A large square artwork is shown, in the center is a large creature covered in black fur material, there are layers of leaves painted in oil paint, and a frame painted in purple, there are twelve black objects in various shapes adhered around the bottom and left hand of the artwork. The painting is on display in the Walters Art Museum.

The 2022 Janet & Walter Sondheim Arts Prize winner James Williams II creates sculptural paintings about identity, self-portraiture, parenthood, and Blackness. His three-dimensional works vary in size and in media (oil paint, fiber, video, a lot of velcro) and all elicit a sense of naïveté and wonder. At the same time, the work unravels the racist construction of Blackness, which no matter how wrong and manufactured it may be, is so deeply a part of history that its origins and implications cannot be escaped. Williams’ work makes you want to get closer to it, touch it, and experience   its exploration of “the Black Construct.”

“Hand-me-downs” portrays a delicate and blooming expanse of flowers in pink with leaves of green. A bust for displaying jewelry, ivory black, is adorned with a strand of large onyx beads sticking out of the center of the oil painting and at the bottom, an oversized white dress glove emerges, reaching out across the floral background. Williams has created a twenty-first century vanitas that through its composition, color, and title, made me think of legacy and the way that Black women in my own life have passed down to me lessons (and objects) I carry with me every day. “Hand-me-downs” made me think of the wallpaper in my Aunt Peaches’ house and the care she takes in displaying her jewelry and trinkets in her home, where bottles of perfume line her bathroom countertop and earrings cover her dresser.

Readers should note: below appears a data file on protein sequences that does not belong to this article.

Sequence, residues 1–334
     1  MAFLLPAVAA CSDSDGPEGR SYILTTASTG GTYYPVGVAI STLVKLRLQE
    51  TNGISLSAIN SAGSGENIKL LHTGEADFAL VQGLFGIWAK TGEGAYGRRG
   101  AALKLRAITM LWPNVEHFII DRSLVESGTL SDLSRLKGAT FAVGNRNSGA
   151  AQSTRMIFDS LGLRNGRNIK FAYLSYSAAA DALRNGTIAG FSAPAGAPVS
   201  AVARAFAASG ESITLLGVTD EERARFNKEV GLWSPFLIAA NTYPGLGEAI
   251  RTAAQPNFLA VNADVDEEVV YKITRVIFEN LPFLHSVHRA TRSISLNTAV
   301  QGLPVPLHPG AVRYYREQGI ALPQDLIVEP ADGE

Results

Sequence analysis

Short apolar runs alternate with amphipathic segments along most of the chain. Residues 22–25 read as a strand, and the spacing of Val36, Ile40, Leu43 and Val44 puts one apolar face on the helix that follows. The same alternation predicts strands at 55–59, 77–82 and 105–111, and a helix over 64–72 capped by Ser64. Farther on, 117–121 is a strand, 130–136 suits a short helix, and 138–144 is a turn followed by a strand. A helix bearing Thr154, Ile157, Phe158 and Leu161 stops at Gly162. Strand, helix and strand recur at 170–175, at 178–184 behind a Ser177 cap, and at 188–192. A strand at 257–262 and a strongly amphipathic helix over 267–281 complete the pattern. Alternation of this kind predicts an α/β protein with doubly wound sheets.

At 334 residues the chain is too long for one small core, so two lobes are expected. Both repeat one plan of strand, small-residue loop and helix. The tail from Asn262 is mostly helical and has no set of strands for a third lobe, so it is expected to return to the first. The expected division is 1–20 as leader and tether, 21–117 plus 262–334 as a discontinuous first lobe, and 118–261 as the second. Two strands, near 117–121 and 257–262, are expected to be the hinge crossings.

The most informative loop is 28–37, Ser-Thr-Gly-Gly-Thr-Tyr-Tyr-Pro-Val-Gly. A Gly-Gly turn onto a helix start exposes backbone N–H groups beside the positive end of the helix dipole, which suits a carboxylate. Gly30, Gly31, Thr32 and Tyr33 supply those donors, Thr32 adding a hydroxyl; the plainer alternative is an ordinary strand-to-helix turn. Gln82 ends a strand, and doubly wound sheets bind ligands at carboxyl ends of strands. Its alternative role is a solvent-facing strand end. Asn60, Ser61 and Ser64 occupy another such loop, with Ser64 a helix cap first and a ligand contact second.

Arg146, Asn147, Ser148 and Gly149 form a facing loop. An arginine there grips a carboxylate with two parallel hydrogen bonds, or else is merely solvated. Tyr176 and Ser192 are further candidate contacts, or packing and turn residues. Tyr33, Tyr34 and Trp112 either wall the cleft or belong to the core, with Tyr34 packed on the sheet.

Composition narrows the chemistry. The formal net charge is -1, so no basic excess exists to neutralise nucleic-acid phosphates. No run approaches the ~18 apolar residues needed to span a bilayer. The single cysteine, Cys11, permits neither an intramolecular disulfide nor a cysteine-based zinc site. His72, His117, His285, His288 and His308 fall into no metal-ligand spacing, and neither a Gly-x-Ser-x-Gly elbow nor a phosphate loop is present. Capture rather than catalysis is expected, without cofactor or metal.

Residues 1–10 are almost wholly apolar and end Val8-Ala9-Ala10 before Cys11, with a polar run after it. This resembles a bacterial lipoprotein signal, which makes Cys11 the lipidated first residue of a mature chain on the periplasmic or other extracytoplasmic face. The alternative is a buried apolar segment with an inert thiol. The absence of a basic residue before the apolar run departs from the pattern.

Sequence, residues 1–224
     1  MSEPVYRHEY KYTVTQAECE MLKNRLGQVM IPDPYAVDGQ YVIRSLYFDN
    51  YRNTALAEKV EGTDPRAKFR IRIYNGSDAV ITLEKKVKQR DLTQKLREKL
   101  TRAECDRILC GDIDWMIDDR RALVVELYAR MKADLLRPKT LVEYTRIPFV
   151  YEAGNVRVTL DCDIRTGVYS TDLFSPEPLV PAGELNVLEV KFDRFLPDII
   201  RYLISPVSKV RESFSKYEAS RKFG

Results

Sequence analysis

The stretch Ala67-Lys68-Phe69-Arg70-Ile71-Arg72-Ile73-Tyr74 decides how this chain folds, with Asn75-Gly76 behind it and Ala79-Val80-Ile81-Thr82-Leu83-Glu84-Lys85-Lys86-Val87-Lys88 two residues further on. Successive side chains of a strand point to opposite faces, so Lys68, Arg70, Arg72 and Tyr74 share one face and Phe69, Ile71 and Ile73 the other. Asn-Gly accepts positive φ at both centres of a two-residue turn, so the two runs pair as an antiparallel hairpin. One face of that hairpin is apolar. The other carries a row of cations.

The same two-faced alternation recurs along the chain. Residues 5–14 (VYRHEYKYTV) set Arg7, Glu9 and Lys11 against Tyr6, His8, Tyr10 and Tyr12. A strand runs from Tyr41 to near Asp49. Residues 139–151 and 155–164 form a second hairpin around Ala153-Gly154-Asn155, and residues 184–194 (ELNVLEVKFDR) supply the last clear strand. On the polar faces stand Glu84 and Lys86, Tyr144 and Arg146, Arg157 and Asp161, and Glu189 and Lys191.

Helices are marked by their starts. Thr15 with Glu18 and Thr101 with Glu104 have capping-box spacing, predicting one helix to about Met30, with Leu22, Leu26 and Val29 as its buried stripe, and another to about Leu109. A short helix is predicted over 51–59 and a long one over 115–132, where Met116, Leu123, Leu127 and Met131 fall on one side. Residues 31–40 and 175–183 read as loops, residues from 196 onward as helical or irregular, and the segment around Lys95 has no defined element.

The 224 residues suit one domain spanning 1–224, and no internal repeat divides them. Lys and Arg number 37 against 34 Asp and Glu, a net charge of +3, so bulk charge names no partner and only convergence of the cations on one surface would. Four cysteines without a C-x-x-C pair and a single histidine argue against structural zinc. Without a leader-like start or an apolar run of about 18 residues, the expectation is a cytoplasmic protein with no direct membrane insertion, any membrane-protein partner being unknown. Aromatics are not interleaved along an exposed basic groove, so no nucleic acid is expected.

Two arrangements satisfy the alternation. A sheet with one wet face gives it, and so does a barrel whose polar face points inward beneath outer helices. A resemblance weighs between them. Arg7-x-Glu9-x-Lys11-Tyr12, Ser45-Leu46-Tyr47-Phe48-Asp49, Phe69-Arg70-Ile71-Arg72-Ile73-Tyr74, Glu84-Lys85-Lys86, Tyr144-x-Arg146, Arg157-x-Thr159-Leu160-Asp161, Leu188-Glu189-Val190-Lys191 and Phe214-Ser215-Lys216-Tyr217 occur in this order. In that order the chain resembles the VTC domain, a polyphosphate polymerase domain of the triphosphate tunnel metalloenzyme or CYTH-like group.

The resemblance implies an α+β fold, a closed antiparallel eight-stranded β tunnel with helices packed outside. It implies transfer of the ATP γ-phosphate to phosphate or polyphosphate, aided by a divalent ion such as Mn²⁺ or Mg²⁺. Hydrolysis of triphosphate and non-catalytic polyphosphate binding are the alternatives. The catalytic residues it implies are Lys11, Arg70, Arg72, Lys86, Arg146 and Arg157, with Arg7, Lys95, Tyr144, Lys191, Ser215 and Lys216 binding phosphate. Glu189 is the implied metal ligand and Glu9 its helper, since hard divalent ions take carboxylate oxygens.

Williams displays a similar, special care for how objects are arranged and his work’s chock full of specific references to growing up Black across the diaspora—and in the Black church. 

In “Descendants of Cain,” Williams renders painting three-dimensional. A vibrant orange sleeve of a Black hand holds a dagger dripping blood onto a zebra-like black and white floor. Behind the hand with the knife, a wooden door. And because the hand sticks out of the painting, it casts a shadow, created by Williams in velcro. It feels like some Tales From The Hood version of the biblical story of Cain and Abel.

“How to Completely Disappear” is a monumental painting reimagining a famous photograph of “Bigfoot” walking through the woods and looking at the camera. Here, the creature is covered in a mass of deep black yarn that hangs from the painting. The creature’s protruding eyes and lips recall minstrel imagery. In the foreground, layers of rock, branches, and foliage add another three-dimensional element. A lavender L-shape frames part of the painting, with the silhouettes of objects including a pen, a lamb, music notes, and a boot, while a bird and a bat are marked with a red X. If you look closely at the painting, you’ll see that the shapes of a bird and bat are both circled in red, as if “How to Completely Disappear” were something from the pages of Highlights or even, MAD.

Meanwhile, the beast looks at the viewer, almost life-size in scale, unable to disappear or hide within the confines of the Walters Art Museum. The implications of Blackness in America are inescapable in this bleak, funny painting: To be Black in this country is to be aware that you are always on display, and at any moment, likely being stared at and objectified. 

The 2022 Janet & Walter Sondheim Art Prize Finalists’ Exhibition, which also includes work by Maren Henson and Megan Koeppel, is on view from July 21 through September 18 at the Walters Museum of Art.

Teri Henderson is the Arts and Culture Editor of Baltimore Beat. She is the author of the 2021 book Black Collagists. Previously, she was a staff writer for BmoreArt, gallery coordinator for Connect +...